The NAQCC QRS Net convenes each Monday at 0130Z when Standard time is in effect and 0030Z during Daylight savings time (Sunday evening at 8:30PM here in the USA Eastern time zone) on 7122.5 kHz from April through October and 3575.0 kHz from November through March. Everyone is invited to check in for some hands-on CW teaching and learning. QRO is permitted for this one NAQCC activity since learning CW is so important. NCS (Net Control Station) is Karl using the club call of N3AQC.

Also see Elmer Project on the web site for much more info of help to those needing it.

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pix_sm_w9cbt (13K)Let's take a comedy and/or nostalgia break now courtesy of Dick Sylvan W9CBT, a long-time QRP/CW operator. One of his many talents is being a cartoon artist, and he is supplying a cartoon each month for the newsletter. The NAQCC is very honored to be one of just two organizations to feature Dick's cartoons. They also appear monthly in The K9YA Telegraph, an on-line only Ham Radio E-zine where he is the staff cartoonist. Dick has also authored a book entitled "Hi Hi - A Collection of Ham Radio Cartoons" available via his web site. A new cartoon will be appearing in each of our even-numbered newsletters.
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It's nice to see our awards program picking up a bit again after somewhat of a recent slump. In the past couple months we've received the following applications which Rick AA4W has processed quickly and efficiently:

New Awards:

Friendship Club
WA3ZBJ - #0007

N8XMS - #0069
VE3FUJ - #0070

2009 Participation

QSO-A-DAY (Full Year)

N8XMS - #0009 250 pts
N8XMS - #0005 500 pts

AA4W - #0005

N9AKF - #0004



Honor Roll Updates:

Alphabet Prefix
NU7T - 201 - WORLD
NU7T - 120 - USA (completed)

Suffix Words
N8XMS - 100 (SWA)

Whew, if the pace keeps picking up, we may start listing just the previous month instead of two months. Wouldn't that hc016 (1K) be nice. Every award, endorsement, and honor roll update serves to further show that CW/QRP is very alive and well despite the distractors. So earn an award and help discourage a distractor.

Full NAQCC Awards info here.

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This section is managed by Paul N8XMS and any questions about it should go to pix_email_n8xms (1K). Paul selects members at random and asks them if they would like to be featured in the Member Spotlight in the newsletter.

Bob Mc Auliffe W9PRD NAQCC#3788

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I was introduced to Amateur Radio in 1937, by my friend and neighbor, Ernie Greeson, W9TCT. I can still remember how fascinating it was to watch him as he carefully tuned his home brewed receiver and transmitter in order to get a qso. I enjoyed looking at his collection of qsl cards, all pinned neatly to the walls of his radio room.

As my interest grew, I was soon learning the Morse code, and basic theory, from a borrowed ARRL Hand Book. Little did I realize how this interest in amateur radio would mold my future.

During WWll I was a radio operator, in the Naval Air Corps. I was assigned to a torpedo bomber squadron and served in the Pacific theater.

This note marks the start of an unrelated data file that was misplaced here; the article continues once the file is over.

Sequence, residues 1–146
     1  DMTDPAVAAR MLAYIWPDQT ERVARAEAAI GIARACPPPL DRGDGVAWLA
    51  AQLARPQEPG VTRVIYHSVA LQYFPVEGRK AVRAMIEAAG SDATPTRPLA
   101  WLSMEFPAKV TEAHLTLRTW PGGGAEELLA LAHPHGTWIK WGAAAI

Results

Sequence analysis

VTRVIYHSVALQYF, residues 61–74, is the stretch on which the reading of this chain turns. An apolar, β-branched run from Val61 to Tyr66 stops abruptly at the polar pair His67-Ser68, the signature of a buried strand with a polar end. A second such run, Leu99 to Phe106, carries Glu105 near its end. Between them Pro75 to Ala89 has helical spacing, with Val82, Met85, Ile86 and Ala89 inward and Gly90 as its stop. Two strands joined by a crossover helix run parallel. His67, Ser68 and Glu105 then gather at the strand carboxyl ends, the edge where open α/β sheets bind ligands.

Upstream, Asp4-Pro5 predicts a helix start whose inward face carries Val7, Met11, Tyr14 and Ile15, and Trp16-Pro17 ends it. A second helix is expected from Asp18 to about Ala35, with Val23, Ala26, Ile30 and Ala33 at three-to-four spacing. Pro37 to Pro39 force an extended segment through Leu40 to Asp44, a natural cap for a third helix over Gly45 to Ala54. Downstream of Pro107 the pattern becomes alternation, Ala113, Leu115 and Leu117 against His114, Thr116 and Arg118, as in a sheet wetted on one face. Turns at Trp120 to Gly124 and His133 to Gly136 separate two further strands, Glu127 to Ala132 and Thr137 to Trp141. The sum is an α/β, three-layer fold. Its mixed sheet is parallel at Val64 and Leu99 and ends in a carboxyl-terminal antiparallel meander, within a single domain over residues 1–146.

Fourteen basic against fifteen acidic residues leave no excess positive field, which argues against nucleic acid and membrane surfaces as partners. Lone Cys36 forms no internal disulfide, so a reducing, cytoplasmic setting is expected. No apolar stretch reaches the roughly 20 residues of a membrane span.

After the war one of the first things on my list of priorities, was to try and get my amateur radio license. Being fresh out of the service, the required 13 wpm and theory test were no problem and I was issued the call W9PRD.

After graduating from college, I was employed with the states largest electric power utilities, as a communications engineer for 31 years. After retiring I taught for Purdue University, teaching gifted and talented engineering candidates.

My favorite activities are DX hunting using QRP power of 500 mw to 8 watts, using cw and ssb modes. At 84 years I still enjoy building. However my main interest is researching the many engineering papers, and books, dedicated to that wonderful old antenna "The Sterba-Curtain." I have (2) of these arrays up at 80 feet. Both are fed with 600 ohm lines.

My station consists of a Panda 5 watt cw/ssb qrp portable rig, a Yaesu FT102, an Icom 718, an MFJ tuner, and my prize possession a 1915 Vibroplex bug used in WW1 by a relative and used by me during WWll. I use it every day. It is in mint condition after 94 years of dedicated service.

My most memorable qrp qso has to be a recent contact on 40 meter cw with I1MMR. I was running 500 mw into my Sterba Curtain. That was followed by a call from F3NB. Both of these fine gentlemen can be found on 40 meters about every night. I1MMR at 0100 UTC around 7.028 and F3NB at 7.033, around 0300 UTC.

In closing, having been licensed for 63 years, it is my sincere wish that each of you have as wonderful and memorable a ride as I have had down the road of Ham Radio.

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This section is a forum for you to tell other members what you've been up to on the ham bands or to submit an article dealing with some aspect of CW and QRP operation or equipment. Send your news items and articles to our news editor Paul KD2MX at pix_email_kd2mx (1K). For your convenience any links in this section will open in a new browser window so you can come immediately back here to the newsletter just by closing that extra window.